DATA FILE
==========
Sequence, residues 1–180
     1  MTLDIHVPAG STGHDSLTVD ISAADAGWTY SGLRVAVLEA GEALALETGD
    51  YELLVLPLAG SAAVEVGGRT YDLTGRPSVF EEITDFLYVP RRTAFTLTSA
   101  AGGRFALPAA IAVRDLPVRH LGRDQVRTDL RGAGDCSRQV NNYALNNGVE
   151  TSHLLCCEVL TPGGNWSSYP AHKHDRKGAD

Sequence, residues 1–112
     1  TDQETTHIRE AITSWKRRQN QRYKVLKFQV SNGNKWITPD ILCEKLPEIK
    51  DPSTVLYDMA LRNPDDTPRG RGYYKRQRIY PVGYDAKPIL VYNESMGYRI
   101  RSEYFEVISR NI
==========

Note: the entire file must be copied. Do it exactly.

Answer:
Sequence, residues 1–180
     1  MTLDIHVPAG STGHDSLTVD ISAADAGWTY SGLRVAVLEA GEALALETGD
    51  YELLVLPLAG SAAVEVGGRT YDLTGRPSVF EEITDFLYVP RRTAFTLTSA
   101  AGGRFALPAA IAVRDLPVRH LGRDQVRTDL RGAGDCSRQV NNYALNNGVE
   151  TSHLLCCEVL TPGGNWSSYP AHKHDRKGAD

Sequence, residues 1–112
     1  TDQETTHIRE AITSWKRRQN QRYKVLKFQV SNGNKWITPD ILCEKLPEIK
    51  DPSTVLYDMA LRNPDDTPRG RGYYKRQRIY PVGYDAKPIL VYNESMGYRI
   101  RSEYFEVISR NI